Corrupt government officials sometimes pay a hefty personal price for their misdeeds. Just ask former Illinois Gov. Rod Blagojevich, whose 2008 attempt to sell President Barack Obama's U.S. Senate seat and shake down a children's hospital earned him 14 years in federal prison.
Now new research by an Indiana University professor has found residents of the most corrupt states literally pay a steep price for crimes committed by their elected officials due to artificially inflated state spending that's typically tied to public corruption.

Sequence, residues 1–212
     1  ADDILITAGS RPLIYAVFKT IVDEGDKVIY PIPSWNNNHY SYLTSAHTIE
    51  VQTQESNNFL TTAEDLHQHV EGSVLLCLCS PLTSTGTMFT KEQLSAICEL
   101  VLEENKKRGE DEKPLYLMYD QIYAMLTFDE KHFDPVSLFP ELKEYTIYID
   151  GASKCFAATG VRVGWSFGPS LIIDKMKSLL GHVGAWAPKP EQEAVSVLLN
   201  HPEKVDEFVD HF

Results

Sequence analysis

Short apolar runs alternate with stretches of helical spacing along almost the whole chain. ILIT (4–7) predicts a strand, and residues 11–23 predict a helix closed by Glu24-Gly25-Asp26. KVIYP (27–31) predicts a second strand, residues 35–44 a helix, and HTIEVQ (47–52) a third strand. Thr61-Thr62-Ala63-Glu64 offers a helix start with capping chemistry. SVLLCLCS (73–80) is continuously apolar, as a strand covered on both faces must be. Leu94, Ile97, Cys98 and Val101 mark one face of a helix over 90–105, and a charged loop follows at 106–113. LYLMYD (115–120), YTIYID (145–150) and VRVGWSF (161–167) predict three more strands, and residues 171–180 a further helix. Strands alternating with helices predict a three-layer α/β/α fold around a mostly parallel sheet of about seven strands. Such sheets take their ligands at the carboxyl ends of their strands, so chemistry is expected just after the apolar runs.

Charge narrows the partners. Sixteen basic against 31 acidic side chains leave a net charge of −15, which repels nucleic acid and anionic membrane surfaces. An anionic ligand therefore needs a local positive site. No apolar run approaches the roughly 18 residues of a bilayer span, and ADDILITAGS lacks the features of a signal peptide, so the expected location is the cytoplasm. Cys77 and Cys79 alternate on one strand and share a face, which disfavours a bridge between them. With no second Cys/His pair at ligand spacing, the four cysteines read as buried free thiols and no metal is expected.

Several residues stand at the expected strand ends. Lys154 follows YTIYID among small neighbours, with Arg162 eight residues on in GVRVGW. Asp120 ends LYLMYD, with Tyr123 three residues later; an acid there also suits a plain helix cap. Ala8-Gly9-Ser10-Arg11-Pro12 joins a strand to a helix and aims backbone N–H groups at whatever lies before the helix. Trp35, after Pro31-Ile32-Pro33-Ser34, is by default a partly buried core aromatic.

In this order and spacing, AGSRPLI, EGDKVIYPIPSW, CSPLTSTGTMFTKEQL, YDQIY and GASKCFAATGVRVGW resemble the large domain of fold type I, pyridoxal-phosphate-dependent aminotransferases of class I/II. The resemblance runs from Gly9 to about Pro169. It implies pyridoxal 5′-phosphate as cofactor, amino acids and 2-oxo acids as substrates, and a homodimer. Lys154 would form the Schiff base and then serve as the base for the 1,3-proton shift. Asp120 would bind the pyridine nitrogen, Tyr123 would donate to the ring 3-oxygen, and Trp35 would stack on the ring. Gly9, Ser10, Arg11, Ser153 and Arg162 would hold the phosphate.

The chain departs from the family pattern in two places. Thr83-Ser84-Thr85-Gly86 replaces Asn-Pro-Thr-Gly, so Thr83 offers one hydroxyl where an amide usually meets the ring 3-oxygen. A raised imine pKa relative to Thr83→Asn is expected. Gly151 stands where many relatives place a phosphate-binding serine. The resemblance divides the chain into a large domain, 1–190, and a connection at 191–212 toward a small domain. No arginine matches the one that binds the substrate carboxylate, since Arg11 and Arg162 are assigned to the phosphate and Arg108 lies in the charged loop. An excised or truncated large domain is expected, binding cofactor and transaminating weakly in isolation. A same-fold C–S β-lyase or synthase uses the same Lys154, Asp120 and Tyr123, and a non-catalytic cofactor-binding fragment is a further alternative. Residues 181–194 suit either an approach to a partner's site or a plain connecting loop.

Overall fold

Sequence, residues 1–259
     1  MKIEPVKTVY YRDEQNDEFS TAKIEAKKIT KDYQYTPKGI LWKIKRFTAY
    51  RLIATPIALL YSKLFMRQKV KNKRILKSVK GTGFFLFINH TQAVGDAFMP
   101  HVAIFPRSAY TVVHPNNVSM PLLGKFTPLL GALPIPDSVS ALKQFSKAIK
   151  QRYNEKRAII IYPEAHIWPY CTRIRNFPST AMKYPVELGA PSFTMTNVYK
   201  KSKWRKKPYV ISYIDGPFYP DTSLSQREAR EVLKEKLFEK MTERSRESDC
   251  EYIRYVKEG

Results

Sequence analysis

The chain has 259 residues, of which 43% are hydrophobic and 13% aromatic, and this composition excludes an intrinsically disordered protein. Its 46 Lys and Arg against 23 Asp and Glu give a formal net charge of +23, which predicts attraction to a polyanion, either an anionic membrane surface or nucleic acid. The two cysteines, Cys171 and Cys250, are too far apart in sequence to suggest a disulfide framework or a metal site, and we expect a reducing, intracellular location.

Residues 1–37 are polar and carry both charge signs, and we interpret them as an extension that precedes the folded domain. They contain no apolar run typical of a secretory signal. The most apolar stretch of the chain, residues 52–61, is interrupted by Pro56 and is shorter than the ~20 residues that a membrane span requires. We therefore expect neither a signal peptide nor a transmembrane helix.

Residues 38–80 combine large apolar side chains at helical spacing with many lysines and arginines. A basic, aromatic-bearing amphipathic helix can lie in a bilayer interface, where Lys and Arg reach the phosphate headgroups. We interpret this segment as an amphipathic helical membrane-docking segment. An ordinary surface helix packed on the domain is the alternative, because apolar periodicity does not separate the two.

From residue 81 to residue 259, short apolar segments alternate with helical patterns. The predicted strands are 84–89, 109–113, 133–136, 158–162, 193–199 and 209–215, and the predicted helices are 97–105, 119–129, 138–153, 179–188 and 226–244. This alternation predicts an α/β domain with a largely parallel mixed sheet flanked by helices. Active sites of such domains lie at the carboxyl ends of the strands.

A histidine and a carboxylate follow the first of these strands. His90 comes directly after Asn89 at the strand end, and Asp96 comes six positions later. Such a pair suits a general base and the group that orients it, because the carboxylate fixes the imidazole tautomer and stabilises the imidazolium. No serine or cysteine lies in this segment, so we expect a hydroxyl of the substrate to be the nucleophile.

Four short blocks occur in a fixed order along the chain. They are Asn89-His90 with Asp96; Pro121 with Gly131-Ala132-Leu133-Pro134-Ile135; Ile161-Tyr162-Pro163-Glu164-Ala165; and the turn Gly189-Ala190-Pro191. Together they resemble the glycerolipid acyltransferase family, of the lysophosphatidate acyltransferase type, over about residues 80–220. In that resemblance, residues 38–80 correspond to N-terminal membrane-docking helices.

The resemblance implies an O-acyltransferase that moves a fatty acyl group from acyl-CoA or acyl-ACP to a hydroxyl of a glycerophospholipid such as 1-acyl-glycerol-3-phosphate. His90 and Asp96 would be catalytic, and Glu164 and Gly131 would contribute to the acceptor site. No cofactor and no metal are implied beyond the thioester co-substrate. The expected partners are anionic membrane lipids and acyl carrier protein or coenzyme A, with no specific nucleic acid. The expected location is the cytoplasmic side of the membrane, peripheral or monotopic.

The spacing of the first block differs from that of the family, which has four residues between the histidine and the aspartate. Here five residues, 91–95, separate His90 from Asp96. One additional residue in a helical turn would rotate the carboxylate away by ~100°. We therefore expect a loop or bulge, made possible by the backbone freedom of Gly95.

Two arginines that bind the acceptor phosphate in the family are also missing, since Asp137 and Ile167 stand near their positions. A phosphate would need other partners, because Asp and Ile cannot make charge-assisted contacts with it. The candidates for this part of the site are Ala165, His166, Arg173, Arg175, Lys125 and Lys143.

John Mikesell, IU professor of public and environmental affairs, and Cheol Liu, assistant professor of public policy at City University of Hong Kong, determined that the 10 most corrupt U.S. states — which includes Illinois, but not Indiana — would have spent 5.2 percent less between 1997-2008 if they had only an average amount of corruption.
That translates to a corruption tax of $1,308 per person in those states.